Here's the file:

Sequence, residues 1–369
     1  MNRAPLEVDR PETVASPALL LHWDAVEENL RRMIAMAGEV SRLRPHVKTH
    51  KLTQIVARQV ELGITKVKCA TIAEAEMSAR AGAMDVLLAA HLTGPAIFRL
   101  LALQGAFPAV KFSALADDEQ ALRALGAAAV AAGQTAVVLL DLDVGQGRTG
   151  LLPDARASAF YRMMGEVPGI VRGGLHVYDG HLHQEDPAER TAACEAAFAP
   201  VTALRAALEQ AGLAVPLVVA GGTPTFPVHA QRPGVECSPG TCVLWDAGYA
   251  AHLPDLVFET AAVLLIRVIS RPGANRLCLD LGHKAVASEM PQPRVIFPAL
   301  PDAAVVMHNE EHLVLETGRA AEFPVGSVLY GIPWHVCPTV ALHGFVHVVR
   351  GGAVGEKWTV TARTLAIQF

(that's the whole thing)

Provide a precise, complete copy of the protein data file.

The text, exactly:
Sequence, residues 1–369
     1  MNRAPLEVDR PETVASPALL LHWDAVEENL RRMIAMAGEV SRLRPHVKTH
    51  KLTQIVARQV ELGITKVKCA TIAEAEMSAR AGAMDVLLAA HLTGPAIFRL
   101  LALQGAFPAV KFSALADDEQ ALRALGAAAV AAGQTAVVLL DLDVGQGRTG
   151  LLPDARASAF YRMMGEVPGI VRGGLHVYDG HLHQEDPAER TAACEAAFAP
   201  VTALRAALEQ AGLAVPLVVA GGTPTFPVHA QRPGVECSPG TCVLWDAGYA
   251  AHLPDLVFET AAVLLIRVIS RPGANRLCLD LGHKAVASEM PQPRVIFPAL
   301  PDAAVVMHNE EHLVLETGRA AEFPVGSVLY GIPWHVCPTV ALHGFVHVVR
   351  GGAVGEKWTV TARTLAIQF